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Also known as the ‘three-colored lake’, Kelimutu Lake is one of the most sought-after sights in the Indonesian archipelago, partly for its scenic view, but also for the captivating stories it carries. From getting there to local legends, read on for a guide to Indonesia’s azure blue Kelimutu Lake.
Located on the top of Mount Kelimutu in Flores, East Nusa Tenggara, Indonesia, a trip to the mesmerizing Kelimutu Lake is rather demanding. After hours of road trip from the nearest airport in Ende Regency, the journey continues with an hour of trekking, followed by hundreds of steps to climb in the cold morning mist. But even then, the natural magnetism is already strong, intensifying with every step you take closer to the famed lake.
Kelimutu Lake is located 1,639 meters above sea level, on the top of the Kelimutu volcano. The name came from local dialect keli that means mountain, and mutu, which means boiling.
Also known as the three-colored lake, Kelimutu Lake actually comprises three separate lakes, each with a different color. Two of the lakes are separated only by a rather thin crater wall, while the other one is a bit further away.
Locals name the three lakes according to the myth it carries. Basically, the lakes at Kelimutu are believed to be the dwelling place for the spirits. Tiwu Nuwa Muri Koo Fai is where the young souls reside, those who died at a young age or unmarried. This lake is the largest and deepest of all three.
Next to it is the Tiwu Ata Polo, which is where the bewitched souls rest, those who did evil or practiced sorcery during their time alive.
Tiwu Ata Mbupu is the resting place for the elderly souls, those who died at an old age. This is the westernmost of all the three lakes and separated from the other two.
The three lakes of Kelimutu are known to change colors. The lake of young souls is usually different shades of blues or greens. The lake of bewitched souls has been brown, green, and dark red, while the lake of old souls has shown different tones of brown and white.
The changing of colors is due to the volcanic gas, microbes activity, change in temperature, and crater wall erosion. The first record of shifting colors was after the mountain’s 1886 eruption, and since then the lakes have been altering colors dozens of times, independently of each other.
Even though the color-altering phenomenon can now be explained scientifically, myths and legends have long been passed around and adopted by locals. The Lio tribe of Flores believe that the changing of colors reflects the political atmosphere of the country. Calming blues or greens represent a peaceful national condition, while red indicates a political turmoil. Others simply state that warm colors are indicative of calamity and cool colors represent a state of calmness and stability.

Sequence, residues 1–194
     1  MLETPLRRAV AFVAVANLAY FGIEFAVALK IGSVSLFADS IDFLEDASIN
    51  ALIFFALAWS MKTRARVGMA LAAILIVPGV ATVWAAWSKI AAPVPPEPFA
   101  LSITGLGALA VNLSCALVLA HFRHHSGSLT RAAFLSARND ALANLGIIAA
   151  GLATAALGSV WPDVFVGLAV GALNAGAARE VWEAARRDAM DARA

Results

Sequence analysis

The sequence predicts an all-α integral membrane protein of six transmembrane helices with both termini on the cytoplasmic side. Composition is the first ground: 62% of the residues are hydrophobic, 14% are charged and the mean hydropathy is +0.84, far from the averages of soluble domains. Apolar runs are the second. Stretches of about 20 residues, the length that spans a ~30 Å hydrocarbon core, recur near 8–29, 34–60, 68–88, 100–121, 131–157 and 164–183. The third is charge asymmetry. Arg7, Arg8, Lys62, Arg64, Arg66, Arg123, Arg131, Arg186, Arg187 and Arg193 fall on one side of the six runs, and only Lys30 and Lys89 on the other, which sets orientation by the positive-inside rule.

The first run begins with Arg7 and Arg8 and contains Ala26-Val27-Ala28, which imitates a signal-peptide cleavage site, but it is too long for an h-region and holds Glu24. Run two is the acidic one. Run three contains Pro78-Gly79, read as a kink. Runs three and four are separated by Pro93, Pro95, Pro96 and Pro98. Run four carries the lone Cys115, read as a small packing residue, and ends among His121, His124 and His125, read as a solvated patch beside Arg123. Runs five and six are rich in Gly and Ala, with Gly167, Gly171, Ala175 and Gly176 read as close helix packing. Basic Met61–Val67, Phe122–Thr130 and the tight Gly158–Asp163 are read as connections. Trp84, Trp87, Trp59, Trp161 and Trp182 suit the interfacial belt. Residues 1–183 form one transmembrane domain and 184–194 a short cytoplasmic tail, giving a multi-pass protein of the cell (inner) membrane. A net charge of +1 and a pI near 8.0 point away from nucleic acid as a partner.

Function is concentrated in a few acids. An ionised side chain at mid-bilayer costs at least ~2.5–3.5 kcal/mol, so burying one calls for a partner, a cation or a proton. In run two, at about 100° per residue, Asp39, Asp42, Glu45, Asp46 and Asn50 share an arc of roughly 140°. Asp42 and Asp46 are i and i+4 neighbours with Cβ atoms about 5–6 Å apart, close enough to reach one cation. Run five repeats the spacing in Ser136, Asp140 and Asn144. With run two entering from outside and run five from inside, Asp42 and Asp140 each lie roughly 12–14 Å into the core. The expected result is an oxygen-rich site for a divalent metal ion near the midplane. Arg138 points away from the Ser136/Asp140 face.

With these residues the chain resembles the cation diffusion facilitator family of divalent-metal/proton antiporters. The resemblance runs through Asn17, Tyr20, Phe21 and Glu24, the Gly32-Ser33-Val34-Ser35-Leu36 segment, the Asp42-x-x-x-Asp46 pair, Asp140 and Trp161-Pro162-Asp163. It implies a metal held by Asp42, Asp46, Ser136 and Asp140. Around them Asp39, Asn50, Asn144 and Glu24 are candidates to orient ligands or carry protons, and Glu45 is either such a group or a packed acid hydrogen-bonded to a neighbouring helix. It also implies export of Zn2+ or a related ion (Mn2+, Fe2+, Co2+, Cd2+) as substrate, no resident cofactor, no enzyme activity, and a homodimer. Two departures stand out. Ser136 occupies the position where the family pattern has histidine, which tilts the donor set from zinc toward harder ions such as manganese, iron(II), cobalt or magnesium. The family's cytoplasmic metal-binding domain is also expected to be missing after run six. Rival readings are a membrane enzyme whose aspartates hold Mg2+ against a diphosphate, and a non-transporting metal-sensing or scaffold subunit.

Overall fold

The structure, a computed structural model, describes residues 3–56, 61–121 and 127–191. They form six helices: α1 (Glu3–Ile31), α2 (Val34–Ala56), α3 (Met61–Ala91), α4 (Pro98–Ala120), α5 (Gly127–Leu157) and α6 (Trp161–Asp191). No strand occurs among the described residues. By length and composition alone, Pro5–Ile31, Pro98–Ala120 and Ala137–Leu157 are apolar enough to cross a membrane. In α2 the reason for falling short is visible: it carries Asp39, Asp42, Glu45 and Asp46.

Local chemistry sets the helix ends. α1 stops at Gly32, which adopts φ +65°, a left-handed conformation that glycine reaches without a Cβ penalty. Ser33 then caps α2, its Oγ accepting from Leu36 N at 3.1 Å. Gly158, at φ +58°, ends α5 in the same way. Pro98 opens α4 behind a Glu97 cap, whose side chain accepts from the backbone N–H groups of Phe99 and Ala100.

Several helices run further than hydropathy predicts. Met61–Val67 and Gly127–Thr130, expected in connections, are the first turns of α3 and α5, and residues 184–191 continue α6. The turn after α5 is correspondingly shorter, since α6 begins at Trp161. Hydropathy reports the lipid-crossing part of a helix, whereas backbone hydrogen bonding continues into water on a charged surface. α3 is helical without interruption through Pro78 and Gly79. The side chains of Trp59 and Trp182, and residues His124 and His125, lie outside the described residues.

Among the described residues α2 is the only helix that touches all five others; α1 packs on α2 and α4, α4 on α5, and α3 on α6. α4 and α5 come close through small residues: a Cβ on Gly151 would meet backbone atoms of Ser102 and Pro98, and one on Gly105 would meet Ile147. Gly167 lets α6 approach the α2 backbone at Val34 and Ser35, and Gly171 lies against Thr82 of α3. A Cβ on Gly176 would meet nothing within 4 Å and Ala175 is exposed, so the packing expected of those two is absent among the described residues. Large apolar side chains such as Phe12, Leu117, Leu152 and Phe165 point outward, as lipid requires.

Another myth says that if the crater walls collapse somehow, causing the three lakes to merge into one, it means the end of the world is imminent.
The discovery of this magnificent lake is attributed to a Dutchman named Van Such Telen in 1915. He described the lake as ‘red, white, and blue’, which happens to be the flag colors of the Netherlands. Locals were sceptic about the whole discovery, and a many of them embarked on a journey to see the sight for themselves. And there they were, the three lakes, depicting the political atmosphere of the nation at the time.
The three lakes have been showing calming azure shades for a while, even the Tiwu Ata Polo, which was burning red in April 2017, supposedly due to the mountain’s volcanic activity.
Each year, usually on August 14, a traditional ritual is held to honor the ancestral spirit. The festival, called Pati Ka Du’a Bapu Ata Mata, starts with a walking procession up the mountain to the stone altar near Tiwu Ata Polo.
Various kinds of food offerings will be presented at the alter, followed by ceremonial performances that last throughout the day.
Beyond the mesmerizing colors of the lakes, the mountaintop also presents a wonderful highland landscape, with hills, greenery, and faraway peaks.
One of the most popular times to see this magical lake is during sunrise, where the orange sky meets the azure lake, and casts a warm shade to the already colorful surface.
The most popular hub for travelers to reach this magnificent lake is the Koanara Village, which is about three-hours drive away from the airport at Ende by bus or rented car. If you’re feeling adventurous, a motorcycle taxi (ojek) will let you set your own pace while exploring the route. From Koanara Village, Kelimutu Lake is only about 2.5 kilometers away.
Up the mountain and approaching the lake, the temperature may get rather low with high humidity, creating a mystical feel and crisp natural atmosphere.
So if you spot any of these tiny food vendors, stop by to get a cup of hot coffee, tea, or water, even cup instant noodles. You’ll need it to keep warm inside.
The traditional pattern fabric will also help you confront the cold breeze. Plus, it looks exotic and helps the local economy.
Finally, take time to interact with locals. They’ll spill you more unimaginable local stories and legends that not only will entice your eyes, but also your mind.